Sunday, November 8, 2009

Looking Forward

This might be a good time to lay out some of the subjects that I would like to cover on this blog in the near future.

On the Harley front, I would like to get to several different projects:
  1. As you will see if you click on the sidebar under the heading "Drag Racing 1985" I did a series of stories documenting my first year of involvement in drag racing. It is in six parts, beginning with When Shovelheads Ruled the World. I really would like to continue on with the story by covering the 1986 racing season wherein I finished my Knuckle drag bike and began piloting it myself. If I don't get it down on paper soon, I will find myself too rattlebrained to remember most of the details.
  2. I would like to do a step by step series on installing big intake valves in Knuckle heads, and the related porting work. I have a set of decent stock heads for the project, and would like to photograph the process as I go. I recently had a large batch of Knuckle valve guides made up with a 5/16" bore instead of the stock 3/8. (if you are in the market for some, go to and follow the link to my eBay store) I just ordered some valves with blank stems so I can do some R&D. Once I have the valve specs finalized, I plan to have a bunch of them made up with grooves and tips finished to make a "simple to install" package.
  3. With the return of interest in Shovelhead motors (They are classics now, you know!) I have wanted to explore their flow potential a little further. Way back when I started porting heads in 1989, I did a LOT of Shovelheads. I have had good success with them over the years, but the gains that I realized in later years with Twin Cams and Evolutions never materialized on the Shovels. Part of that has to do with the fact that Shovelheads have only trickled in for porting work over the past 10 years, however, I have some new ideas that I am confident will translate into some BIG gains in flow. I would also like to document this project with photos.

While there are plenty of other shop projects that I have in mind, I am quite sure that I am already biting off more than I can chew in covering the three listed above on this blog.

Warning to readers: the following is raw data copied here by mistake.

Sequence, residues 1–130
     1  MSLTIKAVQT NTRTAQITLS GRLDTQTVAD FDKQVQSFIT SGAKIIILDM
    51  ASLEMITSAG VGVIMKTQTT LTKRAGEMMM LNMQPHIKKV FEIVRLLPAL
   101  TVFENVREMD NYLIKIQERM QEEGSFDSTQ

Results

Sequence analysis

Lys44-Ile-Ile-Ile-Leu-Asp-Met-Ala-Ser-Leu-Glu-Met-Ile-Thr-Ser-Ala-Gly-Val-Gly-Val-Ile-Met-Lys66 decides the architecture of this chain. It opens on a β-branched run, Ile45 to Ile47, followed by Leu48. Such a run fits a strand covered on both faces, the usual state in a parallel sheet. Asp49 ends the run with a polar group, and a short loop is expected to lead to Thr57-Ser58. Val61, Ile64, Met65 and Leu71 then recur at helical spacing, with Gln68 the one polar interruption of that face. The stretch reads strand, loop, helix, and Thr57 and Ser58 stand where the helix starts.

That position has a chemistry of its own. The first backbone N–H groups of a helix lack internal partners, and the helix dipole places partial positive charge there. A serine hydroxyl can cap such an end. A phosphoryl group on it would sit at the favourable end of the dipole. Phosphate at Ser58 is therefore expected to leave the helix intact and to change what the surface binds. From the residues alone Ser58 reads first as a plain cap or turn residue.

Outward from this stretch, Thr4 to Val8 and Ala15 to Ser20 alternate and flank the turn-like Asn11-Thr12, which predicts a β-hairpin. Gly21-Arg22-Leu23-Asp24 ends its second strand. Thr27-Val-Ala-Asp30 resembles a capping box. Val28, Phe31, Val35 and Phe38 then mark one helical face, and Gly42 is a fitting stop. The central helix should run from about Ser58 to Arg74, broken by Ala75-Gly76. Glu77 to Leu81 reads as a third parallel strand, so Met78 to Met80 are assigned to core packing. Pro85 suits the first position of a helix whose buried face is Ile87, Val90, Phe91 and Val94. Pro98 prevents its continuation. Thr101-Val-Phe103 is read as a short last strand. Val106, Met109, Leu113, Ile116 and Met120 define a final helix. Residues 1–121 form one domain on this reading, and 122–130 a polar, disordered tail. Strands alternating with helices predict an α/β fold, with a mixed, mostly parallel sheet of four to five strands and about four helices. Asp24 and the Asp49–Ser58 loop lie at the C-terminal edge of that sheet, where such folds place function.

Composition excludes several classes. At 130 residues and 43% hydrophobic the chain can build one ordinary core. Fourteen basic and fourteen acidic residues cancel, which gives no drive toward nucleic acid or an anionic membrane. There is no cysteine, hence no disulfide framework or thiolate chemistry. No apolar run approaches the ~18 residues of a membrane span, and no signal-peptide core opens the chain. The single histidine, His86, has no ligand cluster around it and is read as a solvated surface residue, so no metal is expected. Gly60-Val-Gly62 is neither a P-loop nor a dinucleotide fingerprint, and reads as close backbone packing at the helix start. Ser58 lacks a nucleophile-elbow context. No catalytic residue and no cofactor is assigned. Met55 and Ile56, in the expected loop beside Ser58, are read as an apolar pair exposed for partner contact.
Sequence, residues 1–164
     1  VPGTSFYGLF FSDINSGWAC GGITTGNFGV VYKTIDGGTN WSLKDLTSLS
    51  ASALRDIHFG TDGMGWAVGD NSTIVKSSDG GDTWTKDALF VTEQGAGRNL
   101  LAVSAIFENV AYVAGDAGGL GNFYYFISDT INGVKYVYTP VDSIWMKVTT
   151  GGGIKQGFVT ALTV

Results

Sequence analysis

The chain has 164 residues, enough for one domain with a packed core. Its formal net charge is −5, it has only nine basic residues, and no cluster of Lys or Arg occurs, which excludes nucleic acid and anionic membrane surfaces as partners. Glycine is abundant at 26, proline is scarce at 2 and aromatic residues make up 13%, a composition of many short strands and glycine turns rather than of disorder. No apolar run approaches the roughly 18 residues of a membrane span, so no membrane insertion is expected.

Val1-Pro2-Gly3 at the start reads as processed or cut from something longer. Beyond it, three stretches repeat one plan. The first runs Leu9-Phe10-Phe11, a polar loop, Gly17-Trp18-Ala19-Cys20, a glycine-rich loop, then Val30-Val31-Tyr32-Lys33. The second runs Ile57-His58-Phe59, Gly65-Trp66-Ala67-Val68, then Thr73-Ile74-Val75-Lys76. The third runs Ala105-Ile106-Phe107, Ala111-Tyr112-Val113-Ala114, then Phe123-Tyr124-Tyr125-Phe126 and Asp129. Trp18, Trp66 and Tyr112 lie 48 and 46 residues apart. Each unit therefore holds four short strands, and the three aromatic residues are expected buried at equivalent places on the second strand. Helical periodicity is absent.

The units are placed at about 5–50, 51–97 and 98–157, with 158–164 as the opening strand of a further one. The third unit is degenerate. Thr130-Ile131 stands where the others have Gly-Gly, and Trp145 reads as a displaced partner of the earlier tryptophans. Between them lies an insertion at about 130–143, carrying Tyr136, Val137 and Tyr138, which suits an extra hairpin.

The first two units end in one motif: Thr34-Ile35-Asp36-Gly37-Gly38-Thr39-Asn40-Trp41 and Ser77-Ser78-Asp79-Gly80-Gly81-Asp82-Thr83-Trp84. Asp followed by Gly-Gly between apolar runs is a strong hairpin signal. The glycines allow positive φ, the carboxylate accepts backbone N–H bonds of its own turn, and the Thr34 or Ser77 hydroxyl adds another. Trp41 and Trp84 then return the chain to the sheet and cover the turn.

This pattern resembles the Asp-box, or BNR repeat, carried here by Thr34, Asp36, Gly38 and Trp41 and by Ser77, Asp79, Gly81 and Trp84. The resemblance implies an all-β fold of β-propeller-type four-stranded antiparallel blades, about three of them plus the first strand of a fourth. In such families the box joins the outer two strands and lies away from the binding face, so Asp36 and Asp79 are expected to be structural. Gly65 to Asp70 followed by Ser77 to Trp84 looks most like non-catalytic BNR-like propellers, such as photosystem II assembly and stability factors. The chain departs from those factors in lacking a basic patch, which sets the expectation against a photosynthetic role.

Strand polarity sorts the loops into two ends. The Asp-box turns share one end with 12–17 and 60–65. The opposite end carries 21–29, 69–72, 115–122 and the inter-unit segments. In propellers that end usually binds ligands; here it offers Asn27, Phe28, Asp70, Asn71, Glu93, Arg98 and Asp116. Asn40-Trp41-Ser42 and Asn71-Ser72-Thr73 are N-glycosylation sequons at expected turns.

As for the "Theology" half of this blog, that is a no brainer. I am still blessed with the opportunity to preach approximately once a month at Friendship Manor, a local old folks home, so I will continue to post abbreviated versions of those sermons. To supplement that, it seems that every time I open the Bible (which is daily) I find something I would like to expound upon, but of course there just are not enough hours in the day.

I do need to add one last note. All of these grandiose plans need to be prefaced with "The Lord willing." As it says in James 4: 4:13-15 "Go to now, ye that say, To day or to morrow we will go into such a city, and continue there a year, and buy and sell, and get gain: Whereas ye know not what shall be on the morrow. For what is your life? It is even a vapour, that appeareth for a little time, and then vanisheth away. For that ye ought to say, If the Lord will, we shall live, and do this, or that."


Joe Jewett said...

What a great history lesson! Thanks for taking the time to put that to words. I would love to read about the rest of the years.

In May of 1988 I bought a freshly built drag/street bike from a guy in Hopkins. It was powered by an 88 inch shovelhead with an S&S two-throat carb. That combo was an awesome set up! The frame had been altered and it had an extended swingarm with struts. I never raced it on the strip but I shocked several Jap bikes at stop lights! I was going to try the "run what you brung" at Humboldt in 1988 but I was having trouble with the tranny staying tight to the tranny plate so I chickened out. I still have the ol' girl and she still runs strong.

St. Lee said...

Thanks for the comments Joe. Don't feel too bad about not racing. By not racing your bike in Humboldt back in '88 you probably missed out on a huge thrill. On the other hand you may have also missed out on years wasted on an addiction to drag racing with its accompanying piles of money spent feeding that habit :)